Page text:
Australian state New South Wales (NSW) can “absolutely” stop using coal power by 2030, NSW Minister for Energy and Environment Matt Kean has said, as he declared it would not appeal a landmark court judgement ruling that regulators must do more to protect it from climate change.
Asked on Australian Broadcasting Corp’s Radio National whether NSW could meet a UN call for wealthy nations to phase out coal by 2030, Kean said it could, pointing to the state plan to build 12 gigawatts of renewable energy and 2 gigawatts of energy storage that was passed by parliament with multi-party support last year.
He said the federally backed Snowy 2.0 pumped hydro project would also help.
“We absolutely can meet the target,” he said. “We have the biggest renewable energy plan that has been legislated in the nation’s history right here in NSW and that means as our coal-fired power plants reach the end of their lives over the next decade they will be replaced with renewables.”
NSW gets nearly 70 percent of its electricity from burning black coal. The state has five coal-fired plants, only two of which — Liddell and Vales Point — are officially scheduled to close this decade.
Kean’s comment suggests that he believes the other three — including the Mount Piper plant, which is not scheduled to close until 2043 — would stop operating much earlier than planned.
It is consistent with analyses that have found coal plants across Australia could shut early as they are increasingly being priced out of the market by cheap solar energy.
Not for the first time, Kean’s position appears at odds with the Australian Minister for Energy and Emissions Reduction Angus Taylor, who has backed an Energy Security Board recommendation to introduce a “capacity market” to ensure there is enough “dispatchable” energy — power that can be called on when needed — available to support variable renewable energy sources.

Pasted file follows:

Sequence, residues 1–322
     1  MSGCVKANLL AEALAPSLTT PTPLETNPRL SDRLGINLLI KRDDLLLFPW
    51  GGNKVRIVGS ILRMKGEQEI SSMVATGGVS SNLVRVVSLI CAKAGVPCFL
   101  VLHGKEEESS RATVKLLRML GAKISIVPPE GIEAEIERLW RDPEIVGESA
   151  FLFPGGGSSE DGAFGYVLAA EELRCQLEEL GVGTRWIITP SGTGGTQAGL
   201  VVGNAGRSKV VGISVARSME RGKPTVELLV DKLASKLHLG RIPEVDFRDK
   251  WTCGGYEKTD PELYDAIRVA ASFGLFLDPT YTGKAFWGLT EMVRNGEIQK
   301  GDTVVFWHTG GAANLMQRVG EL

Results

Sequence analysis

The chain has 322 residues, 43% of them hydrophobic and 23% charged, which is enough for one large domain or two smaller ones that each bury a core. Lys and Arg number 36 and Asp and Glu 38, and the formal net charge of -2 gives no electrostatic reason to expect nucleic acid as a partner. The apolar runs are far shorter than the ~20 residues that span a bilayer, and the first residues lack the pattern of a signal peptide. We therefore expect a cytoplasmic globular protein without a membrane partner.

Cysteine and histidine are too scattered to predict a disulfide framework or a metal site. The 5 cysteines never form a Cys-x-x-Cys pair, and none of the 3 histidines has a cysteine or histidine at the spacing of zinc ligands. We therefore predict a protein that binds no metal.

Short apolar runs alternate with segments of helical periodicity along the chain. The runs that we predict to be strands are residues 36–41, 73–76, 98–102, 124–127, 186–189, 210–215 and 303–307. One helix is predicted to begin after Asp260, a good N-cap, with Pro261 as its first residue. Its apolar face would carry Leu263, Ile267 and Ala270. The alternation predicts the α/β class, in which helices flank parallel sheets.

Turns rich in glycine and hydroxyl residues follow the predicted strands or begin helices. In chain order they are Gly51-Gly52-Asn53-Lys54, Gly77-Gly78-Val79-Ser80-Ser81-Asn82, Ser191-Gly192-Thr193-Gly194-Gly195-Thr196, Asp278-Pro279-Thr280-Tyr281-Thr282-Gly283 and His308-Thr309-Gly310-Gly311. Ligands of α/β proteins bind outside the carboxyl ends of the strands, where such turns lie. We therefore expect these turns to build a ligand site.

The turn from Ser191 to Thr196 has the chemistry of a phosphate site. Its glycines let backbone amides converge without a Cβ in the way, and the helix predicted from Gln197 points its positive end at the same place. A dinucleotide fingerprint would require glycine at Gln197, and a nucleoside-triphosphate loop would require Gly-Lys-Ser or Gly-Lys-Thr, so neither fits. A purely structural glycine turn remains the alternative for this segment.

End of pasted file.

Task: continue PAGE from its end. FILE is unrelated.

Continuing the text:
Taylor has said the capacity market would be “technology neutral,” but could help keep existing generators — coal — “from shutting down too early.”
Kean last month said that he was “carefully examining” the board’s advice to ensure its proposals worked alongside the state’s plans to substantially increase renewable generation and new sources of dispatchable generation, such as pumped hydro and batteries, and would not increase costs.
Kean also told Radio National that he and the board of the Environment Protection Authority had accepted a judgement by the state’s land and environment court last month that the agency had a duty to develop objectives, policies and guidelines to protect the environment from climate change.
It was the first time a court found an Australian government agency was failing in its duty to address climate change and must take action to address greenhouse gas emissions. It followed a legal challenge by the group Bushfire Survivors for Climate Action.
Kean said that he wanted to use “all the levers within government” to do what the court found was necessary.
“We’ll be doing everything necessary to give that full effect,” he said.
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